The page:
Accountability and board functionality: National Australia Bank's experience

Thomson, Dianne and Jain, Ameeta 2006, Accountability and board functionality: National Australia Bank's experience, in Banking and securities markets: convergence, innovation and regulation, Melbourne Centre for Financial Studies, Melbourne, Vic., pp. 1-28.

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Title Accountability and board functionality: National Australia Bank's experience
Author(s) Thomson, DianneORCID iD for Thomson, Dianne
Jain, AmeetaORCID iD for Jain, Ameeta
Conference name Financial Services Institute of Australasia. Conference (11th: 2006: Melbourne, Vic.)
Conference location Melbourne, Vic.
Conference dates 25-26 Sep. 2006
Title of proceedings Banking and securities markets: convergence, innovation and regulation
Editor(s) Mitchell, David
Publication date 2006
Conference series Financial Services Institute of Australasia Conference
Start page 1
End page 28
Publisher Melbourne Centre for Financial Studies
Place of publication Melbourne, Vic.
Summary The National Australia Bank’s (NAB) experience of corporate governance has been contrary to current standards of good corporate governance, accountability and risk management. Over the last few years NAB’s misadventures have brought it under intensive media scrutiny with the HomeSide losses and the investigation by the Securities and Exchange Commission in the USA for breaches of auditor independence. More recently the unauthorised trading by its foreign exchange dealers violated NABs risk management practices and the subsequent board crisis resulted in significant downgrading of the share price on the Australian Stock Exchange (ASX). This paper briefly reviews the international history of corporate accountability and its growth in Australia. The increasing shareholder and legislative pressure to improve sustainability, accountability and board functionality have driven these issues to the forefront of Governing Boards’ agendas worldwide. The board remains ultimately responsible for all actions of the company and this is highlighted by APRA’s recent release of the new governance standard APG510 for implementation by October 2006. The impact of NAB’s board dysfunction on its overall performance is compared with the other major banks in Australia. Cost efficiency ratios, share price and total shareholder return are used as measures of performance and profitability. It is clear, from NAB’s recent experience, as the worst performer of all the majors, with a 19.7% fall in net profit and a cost to income ratio of 57.4% in 2004, that the NAB board needs to improve its performance and accountability to meet a sustainable increase in profitability and higher return for investors.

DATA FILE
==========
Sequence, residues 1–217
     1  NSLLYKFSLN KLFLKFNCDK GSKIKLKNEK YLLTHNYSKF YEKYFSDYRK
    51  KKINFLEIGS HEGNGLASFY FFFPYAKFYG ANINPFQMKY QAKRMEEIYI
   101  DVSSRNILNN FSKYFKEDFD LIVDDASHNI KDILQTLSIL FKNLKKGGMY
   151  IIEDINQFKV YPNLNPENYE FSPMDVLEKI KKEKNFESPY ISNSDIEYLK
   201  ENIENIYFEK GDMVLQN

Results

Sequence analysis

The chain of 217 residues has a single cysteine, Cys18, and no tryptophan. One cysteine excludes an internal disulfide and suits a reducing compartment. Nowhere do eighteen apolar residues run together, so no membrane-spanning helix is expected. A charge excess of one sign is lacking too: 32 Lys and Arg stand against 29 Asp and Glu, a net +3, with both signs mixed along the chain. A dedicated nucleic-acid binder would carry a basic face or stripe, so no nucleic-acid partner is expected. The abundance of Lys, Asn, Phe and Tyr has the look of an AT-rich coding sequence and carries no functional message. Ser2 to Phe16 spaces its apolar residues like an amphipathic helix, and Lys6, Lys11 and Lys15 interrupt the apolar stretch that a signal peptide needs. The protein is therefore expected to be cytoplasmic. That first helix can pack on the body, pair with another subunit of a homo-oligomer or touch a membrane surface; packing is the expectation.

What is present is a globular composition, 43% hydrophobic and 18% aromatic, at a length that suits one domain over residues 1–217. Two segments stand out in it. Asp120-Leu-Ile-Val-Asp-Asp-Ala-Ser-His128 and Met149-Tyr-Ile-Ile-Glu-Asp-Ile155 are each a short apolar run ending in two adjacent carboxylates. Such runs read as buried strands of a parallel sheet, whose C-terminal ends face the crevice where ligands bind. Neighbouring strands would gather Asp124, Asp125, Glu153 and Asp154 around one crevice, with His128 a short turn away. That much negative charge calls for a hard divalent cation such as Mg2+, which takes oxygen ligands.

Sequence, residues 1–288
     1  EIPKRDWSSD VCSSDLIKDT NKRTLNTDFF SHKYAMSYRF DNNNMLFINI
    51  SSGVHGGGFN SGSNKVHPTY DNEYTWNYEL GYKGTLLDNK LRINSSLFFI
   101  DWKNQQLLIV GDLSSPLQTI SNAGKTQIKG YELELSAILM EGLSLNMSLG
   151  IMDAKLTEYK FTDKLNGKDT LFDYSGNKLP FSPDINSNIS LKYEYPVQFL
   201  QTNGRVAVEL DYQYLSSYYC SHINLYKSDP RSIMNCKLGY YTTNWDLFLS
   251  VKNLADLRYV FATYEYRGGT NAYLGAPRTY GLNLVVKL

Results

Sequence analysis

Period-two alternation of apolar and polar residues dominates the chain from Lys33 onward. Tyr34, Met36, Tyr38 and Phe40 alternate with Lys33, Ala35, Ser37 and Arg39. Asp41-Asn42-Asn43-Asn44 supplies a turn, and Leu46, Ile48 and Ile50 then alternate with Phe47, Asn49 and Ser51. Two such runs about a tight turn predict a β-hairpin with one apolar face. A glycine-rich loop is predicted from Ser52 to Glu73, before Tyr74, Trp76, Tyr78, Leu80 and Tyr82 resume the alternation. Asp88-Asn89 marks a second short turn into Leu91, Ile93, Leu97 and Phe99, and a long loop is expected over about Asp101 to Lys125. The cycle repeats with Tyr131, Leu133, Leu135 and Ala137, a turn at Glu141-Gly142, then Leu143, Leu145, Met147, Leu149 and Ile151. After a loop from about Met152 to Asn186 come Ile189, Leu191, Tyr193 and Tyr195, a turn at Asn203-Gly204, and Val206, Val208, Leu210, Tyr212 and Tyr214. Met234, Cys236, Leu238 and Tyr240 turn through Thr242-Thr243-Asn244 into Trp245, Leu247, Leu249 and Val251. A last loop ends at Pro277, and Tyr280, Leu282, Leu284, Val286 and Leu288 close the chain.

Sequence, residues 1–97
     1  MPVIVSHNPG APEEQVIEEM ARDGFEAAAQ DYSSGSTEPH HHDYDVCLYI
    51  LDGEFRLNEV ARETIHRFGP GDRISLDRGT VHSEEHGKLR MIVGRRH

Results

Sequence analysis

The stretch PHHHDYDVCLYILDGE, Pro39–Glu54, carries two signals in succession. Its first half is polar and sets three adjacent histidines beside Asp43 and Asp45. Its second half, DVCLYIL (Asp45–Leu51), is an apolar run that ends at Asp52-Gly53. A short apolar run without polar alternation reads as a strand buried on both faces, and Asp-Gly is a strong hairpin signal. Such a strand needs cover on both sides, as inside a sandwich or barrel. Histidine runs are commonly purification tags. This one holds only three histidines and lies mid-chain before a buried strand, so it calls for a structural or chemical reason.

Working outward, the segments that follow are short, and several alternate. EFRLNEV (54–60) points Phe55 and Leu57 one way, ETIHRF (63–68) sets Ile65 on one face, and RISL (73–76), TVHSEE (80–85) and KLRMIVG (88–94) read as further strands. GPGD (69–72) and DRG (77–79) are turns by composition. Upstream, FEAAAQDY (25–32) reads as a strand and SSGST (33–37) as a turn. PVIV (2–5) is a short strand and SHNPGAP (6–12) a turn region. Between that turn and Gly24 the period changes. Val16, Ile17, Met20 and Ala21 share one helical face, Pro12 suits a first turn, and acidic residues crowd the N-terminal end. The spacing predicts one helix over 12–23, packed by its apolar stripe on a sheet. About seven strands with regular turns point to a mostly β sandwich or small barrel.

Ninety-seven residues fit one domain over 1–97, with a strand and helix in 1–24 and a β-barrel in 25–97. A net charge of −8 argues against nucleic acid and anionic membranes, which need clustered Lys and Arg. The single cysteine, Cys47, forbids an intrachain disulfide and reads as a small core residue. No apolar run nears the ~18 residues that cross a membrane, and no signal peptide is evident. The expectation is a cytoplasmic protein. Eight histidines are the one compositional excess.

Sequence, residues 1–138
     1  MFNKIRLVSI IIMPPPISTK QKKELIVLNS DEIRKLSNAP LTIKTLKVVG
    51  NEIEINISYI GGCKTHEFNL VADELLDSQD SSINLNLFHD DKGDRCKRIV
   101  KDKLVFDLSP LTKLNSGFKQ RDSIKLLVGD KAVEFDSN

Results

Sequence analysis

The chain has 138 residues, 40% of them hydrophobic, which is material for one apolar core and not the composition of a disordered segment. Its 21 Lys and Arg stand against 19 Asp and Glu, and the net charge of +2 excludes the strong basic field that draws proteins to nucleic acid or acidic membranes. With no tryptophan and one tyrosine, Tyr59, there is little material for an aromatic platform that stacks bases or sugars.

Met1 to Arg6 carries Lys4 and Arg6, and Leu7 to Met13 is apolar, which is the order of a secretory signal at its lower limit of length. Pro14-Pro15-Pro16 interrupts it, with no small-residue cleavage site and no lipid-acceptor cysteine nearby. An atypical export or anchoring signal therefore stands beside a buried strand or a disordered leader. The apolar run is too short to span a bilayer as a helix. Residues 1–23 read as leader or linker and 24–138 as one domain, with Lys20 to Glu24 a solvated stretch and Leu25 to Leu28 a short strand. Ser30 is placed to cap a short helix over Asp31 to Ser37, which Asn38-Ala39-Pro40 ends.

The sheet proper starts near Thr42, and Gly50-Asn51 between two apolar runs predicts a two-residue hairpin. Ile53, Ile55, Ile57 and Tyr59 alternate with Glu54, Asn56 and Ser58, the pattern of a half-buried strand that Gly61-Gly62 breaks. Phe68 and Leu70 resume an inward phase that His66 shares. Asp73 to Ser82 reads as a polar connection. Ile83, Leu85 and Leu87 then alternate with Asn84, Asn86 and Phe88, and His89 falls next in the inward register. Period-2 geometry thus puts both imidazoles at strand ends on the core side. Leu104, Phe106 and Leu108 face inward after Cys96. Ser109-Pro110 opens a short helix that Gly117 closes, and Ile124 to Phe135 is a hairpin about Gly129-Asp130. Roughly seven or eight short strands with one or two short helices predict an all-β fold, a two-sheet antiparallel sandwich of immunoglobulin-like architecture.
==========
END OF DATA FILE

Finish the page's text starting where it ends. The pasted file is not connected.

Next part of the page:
Notes Held at the Finsia-Melbourne Centre for Financial Studies, Banking and Finance
Language eng
Field of Research 150203 Financial Institutions (incl Banking)
HERDC Research category E1 Full written paper - refereed
Copyright notice ©2006, Melbourne Centre for Financial Studies
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Document type: Conference Paper
Collections: Faculty of Business and Law
School of Accounting, Economics and Finance
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